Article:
This year, the company’s engineers minimized the use of Shuffle by using Google Cloud’s Bigtable as an intermediate storage layer. “Bigtable was used as a remediation tool between Dataflow jobs in order for them to process and store more data in a parallel way, rather than the need to always regroup the data,” said Singer. “By breaking down our Dataflow jobs into smaller components — and reusing core functionality — we were able to speed up our jobs and make them more resilient.”

Singer attributes at least a part of the cost savings to this technique of using Bigtable, but he also noted that the team decomposed the problem into data collection, aggregation and data transformation jobs, which it then split into multiple separate jobs. “This way, we were not only able to process more data in parallel, but be more selective about which jobs to rerun, keeping our costs down.”

Many of the techniques the engineers on Singer’s teams developed are currently in use across Spotify. “The great thing about how Wrapped works is that we are able to build out more tools to understand a user, while building a great product for them,” he said. “Our specialized techniques and expertise of Scio, Dataflow and big data processing, in general, is widely used to power Spotify’s portfolio of products.”

How Spotify ran the largest Google Dataflow job ever for Wrapped 2019

In early December, Spotify launched its annual personalized Wrapped playlist with its users’ most-streamed sounds of 2019. That has become a bit of a tradition and isn’t necessarily anything new, but for 2019, it also gave users a look back at how they used Spotify over the last decade. Because this was quite a large job, Spotify gave us a bit of a look under the covers of how it generated these lists for its ever-growing number of free and paid subscribers.

It’s no secret that Spotify is a big Google Cloud Platform user. Back in 2016, the music streaming service publicly said that it was going to move to Google Cloud, after all, and in 2018, it disclosed that it would spend at least $450 million on its Google Cloud infrastructure in the following three years.

It was also back in 2018, for that year’s Wrapped, that Spotify ran the largest Google Cloud Dataflow job ever run on the platform, a service the company started experimenting with a few years earlier. “Back in 2015, we built and open-sourced a big data processing Scala API for Apache Beam and Google Cloud Dataflow called Scio,” Spotify’s VP of Engineering Tyson Singer told me. “We chose Dataflow over Dataproc because it scales with less operational overhead and Dataflow fit with our expected needs for streaming processing. Now we have a great open-source toolset designed and optimized for Dataflow, which in addition to being used by most internal teams, is also used outside of Spotify.”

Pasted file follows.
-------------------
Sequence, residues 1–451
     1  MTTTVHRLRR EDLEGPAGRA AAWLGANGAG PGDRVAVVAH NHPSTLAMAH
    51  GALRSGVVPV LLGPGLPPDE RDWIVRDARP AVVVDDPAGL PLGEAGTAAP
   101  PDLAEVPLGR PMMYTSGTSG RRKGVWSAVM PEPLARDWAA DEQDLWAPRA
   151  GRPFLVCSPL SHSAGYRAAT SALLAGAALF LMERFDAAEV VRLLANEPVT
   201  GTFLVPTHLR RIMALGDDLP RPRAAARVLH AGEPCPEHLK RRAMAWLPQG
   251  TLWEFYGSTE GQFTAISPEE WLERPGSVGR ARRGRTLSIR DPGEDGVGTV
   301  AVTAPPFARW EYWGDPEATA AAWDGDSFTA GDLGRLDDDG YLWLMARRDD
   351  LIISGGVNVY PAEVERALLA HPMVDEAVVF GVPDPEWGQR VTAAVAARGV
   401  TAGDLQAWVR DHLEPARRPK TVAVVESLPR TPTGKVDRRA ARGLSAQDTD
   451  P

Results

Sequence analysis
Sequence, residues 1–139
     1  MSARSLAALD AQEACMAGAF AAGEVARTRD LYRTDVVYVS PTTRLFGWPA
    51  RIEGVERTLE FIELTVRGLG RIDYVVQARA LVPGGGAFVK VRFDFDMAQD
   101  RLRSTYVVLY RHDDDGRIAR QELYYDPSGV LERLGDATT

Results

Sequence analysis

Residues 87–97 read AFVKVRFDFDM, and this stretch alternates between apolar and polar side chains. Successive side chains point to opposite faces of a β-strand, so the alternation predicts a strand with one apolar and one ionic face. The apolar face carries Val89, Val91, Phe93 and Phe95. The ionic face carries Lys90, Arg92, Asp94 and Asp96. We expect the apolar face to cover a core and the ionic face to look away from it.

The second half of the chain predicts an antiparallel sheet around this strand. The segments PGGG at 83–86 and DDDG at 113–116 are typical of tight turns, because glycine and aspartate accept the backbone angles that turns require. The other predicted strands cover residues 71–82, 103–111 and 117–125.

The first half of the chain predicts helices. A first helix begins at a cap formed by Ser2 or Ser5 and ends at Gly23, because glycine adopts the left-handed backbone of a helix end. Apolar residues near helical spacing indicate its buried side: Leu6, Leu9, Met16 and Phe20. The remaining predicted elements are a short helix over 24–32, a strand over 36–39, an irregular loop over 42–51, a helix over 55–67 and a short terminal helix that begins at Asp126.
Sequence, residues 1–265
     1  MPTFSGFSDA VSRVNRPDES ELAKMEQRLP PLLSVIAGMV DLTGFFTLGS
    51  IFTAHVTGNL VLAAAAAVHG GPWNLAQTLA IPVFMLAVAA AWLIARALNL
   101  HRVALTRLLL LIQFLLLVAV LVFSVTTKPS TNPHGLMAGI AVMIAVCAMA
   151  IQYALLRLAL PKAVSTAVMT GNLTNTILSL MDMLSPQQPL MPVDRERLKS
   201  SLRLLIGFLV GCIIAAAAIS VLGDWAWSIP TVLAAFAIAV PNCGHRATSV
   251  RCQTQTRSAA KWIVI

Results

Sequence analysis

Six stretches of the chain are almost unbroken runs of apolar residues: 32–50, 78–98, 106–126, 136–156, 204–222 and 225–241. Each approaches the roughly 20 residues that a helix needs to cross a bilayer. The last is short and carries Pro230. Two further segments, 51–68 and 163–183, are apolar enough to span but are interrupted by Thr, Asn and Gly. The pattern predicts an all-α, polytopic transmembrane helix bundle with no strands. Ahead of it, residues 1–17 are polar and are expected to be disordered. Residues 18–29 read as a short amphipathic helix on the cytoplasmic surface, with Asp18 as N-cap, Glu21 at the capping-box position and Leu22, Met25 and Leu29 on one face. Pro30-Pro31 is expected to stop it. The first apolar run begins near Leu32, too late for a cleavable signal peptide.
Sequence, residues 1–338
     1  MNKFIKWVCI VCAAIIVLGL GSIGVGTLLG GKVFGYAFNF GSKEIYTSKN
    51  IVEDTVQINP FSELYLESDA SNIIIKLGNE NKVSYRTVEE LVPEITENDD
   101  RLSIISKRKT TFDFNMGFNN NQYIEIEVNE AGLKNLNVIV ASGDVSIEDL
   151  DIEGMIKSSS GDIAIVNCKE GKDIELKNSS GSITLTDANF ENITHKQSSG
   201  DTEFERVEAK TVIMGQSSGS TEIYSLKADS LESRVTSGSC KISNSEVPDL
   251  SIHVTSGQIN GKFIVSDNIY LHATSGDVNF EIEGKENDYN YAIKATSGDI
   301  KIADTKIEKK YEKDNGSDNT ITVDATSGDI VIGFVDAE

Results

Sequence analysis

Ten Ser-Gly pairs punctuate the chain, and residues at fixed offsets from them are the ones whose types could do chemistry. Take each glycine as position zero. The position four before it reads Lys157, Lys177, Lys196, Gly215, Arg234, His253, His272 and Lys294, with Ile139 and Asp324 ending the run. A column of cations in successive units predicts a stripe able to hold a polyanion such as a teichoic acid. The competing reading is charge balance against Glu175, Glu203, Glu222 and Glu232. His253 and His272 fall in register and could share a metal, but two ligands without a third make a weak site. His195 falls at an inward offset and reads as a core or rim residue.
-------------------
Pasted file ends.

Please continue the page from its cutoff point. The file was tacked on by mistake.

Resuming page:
For Wrapped 2019, which includes the annual and decadal lists, Spotify ran a job that was five times larger than in 2018 — but it did so at three-quarters of the cost. Singer attributes this to his team’s familiarity with the platform. “With this type of global scale, complexity is a natural consequence. By working closely with Google Cloud’s engineering teams and specialists and drawing learnings from previous years, we were able to run one of the most sophisticated Dataflow jobs ever written.”

Still, even with this expertise, the team couldn’t just iterate on the full data set as it figured out how to best analyze the data and use it to tell the most interesting stories to its users. “Our jobs to process this would be large and complex; we needed to decouple the complexity and processing in order to not overwhelm Google Cloud Dataflow,” Singer said. “This meant that we had to get more creative when it came to going from idea, to data analysis, to producing unique stories per user, and we would have to scale this in time and at or below cost. If we weren’t careful, we risked being wasteful with resources and slowing down downstream teams.”

To handle this workload, Spotify not only split its internal teams into three groups (data processing, client-facing and design, and backend systems), but also split the data processing jobs into smaller pieces. That marked a very different approach for the team. “Last year Spotify had one huge job that used a specific feature within Dataflow called “Shuffle.” The idea here was that having a lot of data, we needed to sort through it, in order to understand who did what. While this is quite powerful, it can be costly if you have large amounts of data.”

This year, the company’s engineers minimized the use of Shuffle by using Google Cloud’s Bigtable as an intermediate storage layer. “Bigtable was used as a remediation tool between Dataflow jobs in order for them to process and store more data in a parallel way, rather than the need to always regroup the data,” said Singer. “By breaking down our Dataflow jobs into smaller components — and reusing core functionality — we were able to speed up our jobs and make them more resilient.”